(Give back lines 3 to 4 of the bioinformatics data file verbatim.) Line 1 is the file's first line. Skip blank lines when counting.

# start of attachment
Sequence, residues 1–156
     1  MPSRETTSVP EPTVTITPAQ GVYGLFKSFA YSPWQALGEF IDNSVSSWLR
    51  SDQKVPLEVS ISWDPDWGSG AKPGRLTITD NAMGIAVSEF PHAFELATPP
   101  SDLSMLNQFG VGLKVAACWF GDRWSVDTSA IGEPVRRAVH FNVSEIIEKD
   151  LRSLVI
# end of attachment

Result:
    51  SDQKVPLEVS ISWDPDWGSG AKPGRLTITD NAMGIAVSEF PHAFELATPP
   101  SDLSMLNQFG VGLKVAACWF GDRWSVDTSA IGEPVRRAVH FNVSEIIEKD